"A lot of people go out on the town and celebrate with their friends. Their family has a big party somewhere," Biesendorfer said. "I thought I'm turning 40, I can do 40 random acts of kindness, maybe ask people to pay it forward."
Biesendorfer put a message out to her closest 400 friends on Facebook, asking them to donate $10 to the Bal Swan Children's Center, a pre-school in Westminster that serves kids with regular and special needs. She's on the board of directors.
The school is working towards raising $75,000 for by January.
"If I can ask my friends and family to not celebrate my birthday with me but instead give a $10 donation to Bal Swan, the cost it would cost them to buy me a martini if we went out. To me that felt right. That's what I wanted to do."
Biesendorfer started just a few days ago with a goal of $400. By Friday, she was nearing $800 in donations and adjusted her goal to $5,000.
Biesendorfer Facebook page
"People are giving more than I asked, in some cases quite a bit more. There are people giving donations who I know may not necessarily find it easy to give the ten dollars," she said.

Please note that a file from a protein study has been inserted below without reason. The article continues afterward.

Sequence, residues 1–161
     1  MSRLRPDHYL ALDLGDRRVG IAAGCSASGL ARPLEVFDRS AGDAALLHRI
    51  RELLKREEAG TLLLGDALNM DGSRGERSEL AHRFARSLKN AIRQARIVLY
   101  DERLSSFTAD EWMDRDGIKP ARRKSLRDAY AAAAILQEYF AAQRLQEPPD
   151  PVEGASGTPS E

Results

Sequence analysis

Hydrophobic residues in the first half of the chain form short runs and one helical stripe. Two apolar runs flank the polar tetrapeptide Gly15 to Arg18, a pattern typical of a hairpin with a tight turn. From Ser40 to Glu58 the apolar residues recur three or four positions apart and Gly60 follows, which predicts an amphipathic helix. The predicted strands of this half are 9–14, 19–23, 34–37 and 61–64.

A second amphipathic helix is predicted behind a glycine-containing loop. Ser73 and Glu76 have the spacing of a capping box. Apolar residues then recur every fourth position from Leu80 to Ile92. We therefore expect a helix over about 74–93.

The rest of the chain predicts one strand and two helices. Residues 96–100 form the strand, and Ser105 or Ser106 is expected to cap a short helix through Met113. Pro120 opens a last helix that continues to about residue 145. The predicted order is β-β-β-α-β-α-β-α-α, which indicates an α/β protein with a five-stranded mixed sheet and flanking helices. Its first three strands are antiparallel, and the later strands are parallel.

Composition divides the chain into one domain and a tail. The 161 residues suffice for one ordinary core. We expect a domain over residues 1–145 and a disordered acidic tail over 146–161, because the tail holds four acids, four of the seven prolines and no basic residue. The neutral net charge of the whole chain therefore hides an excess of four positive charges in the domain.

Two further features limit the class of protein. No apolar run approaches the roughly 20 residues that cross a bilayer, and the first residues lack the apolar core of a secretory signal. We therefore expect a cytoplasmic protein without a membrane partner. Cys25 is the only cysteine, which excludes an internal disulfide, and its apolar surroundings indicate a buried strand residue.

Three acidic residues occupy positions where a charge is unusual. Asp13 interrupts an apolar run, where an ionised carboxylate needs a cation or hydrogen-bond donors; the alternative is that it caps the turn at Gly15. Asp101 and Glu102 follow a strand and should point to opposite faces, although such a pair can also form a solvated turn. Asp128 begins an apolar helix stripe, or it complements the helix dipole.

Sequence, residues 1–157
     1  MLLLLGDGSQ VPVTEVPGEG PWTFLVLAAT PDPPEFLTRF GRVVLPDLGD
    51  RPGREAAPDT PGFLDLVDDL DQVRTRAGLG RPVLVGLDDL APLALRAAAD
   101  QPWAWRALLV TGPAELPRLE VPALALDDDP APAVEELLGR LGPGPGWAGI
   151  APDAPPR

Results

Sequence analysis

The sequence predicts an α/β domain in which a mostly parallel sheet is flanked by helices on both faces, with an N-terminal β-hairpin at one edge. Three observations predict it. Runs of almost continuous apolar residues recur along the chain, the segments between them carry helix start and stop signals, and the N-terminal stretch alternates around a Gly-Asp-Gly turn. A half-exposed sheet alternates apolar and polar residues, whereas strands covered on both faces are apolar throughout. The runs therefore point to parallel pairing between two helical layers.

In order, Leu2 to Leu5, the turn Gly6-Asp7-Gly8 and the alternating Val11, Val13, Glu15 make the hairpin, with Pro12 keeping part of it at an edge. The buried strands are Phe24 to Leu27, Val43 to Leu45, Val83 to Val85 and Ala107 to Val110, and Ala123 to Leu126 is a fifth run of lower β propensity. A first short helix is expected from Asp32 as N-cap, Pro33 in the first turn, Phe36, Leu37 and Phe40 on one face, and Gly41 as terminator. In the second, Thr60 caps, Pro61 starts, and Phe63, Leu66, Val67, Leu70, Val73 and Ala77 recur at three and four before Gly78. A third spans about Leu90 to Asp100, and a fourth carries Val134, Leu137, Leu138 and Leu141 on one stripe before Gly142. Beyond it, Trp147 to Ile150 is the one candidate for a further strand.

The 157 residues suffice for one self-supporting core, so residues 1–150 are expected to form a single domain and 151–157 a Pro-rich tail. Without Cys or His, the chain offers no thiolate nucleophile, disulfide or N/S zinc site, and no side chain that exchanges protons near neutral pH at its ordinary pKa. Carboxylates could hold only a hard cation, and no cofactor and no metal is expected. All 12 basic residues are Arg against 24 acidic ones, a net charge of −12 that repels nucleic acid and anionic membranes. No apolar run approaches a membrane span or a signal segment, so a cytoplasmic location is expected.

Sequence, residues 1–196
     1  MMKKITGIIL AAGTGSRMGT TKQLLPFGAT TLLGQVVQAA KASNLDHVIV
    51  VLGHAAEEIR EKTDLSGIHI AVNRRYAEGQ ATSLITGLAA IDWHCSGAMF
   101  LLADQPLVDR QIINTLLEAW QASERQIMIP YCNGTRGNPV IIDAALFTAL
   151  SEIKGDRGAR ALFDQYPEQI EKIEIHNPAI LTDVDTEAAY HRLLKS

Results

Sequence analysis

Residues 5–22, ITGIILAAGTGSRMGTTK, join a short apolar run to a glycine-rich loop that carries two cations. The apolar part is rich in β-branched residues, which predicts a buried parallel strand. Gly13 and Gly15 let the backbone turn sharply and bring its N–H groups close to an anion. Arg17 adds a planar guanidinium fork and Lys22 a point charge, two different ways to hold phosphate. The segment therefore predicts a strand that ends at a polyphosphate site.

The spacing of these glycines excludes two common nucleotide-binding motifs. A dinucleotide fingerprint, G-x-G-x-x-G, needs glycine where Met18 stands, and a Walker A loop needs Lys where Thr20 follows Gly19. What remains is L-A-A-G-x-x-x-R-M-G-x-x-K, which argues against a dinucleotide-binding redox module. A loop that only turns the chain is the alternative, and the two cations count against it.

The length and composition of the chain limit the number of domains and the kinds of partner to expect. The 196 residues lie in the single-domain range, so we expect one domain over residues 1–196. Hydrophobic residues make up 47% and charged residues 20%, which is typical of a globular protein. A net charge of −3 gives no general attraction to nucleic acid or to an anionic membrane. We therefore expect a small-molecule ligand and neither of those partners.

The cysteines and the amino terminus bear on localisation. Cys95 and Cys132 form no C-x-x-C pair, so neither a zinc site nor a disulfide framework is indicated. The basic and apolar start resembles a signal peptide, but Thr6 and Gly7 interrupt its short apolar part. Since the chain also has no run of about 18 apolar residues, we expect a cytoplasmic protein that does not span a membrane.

In return, Biesendorfer has donated money to the Salvation Army, delivered home-made cards to seniors, brought home-made muffins to a new neighbor, taped a dollar to a vending machine at work and left surprise treats to co-workers.
"This is the best birthday I've ever had," she said.
9NEWS caught up with her on Friday when Biesendorfer delivered doughnuts to Fire Station 4 in Westminster and books and bird seed for a teacher at Bal Swan.
"It's really fitting with Bal Swan Children's Center and kind of our view of the world," Sunny Justice, from Bal Swan, said. "I think she's going to need help doing those acts of kindness."
Biesendorfer said it's not an age thing refusing to turn 40. It's a giving versus receiving thing, something that may come with age.
Anastasiya Bolton's Facebook page
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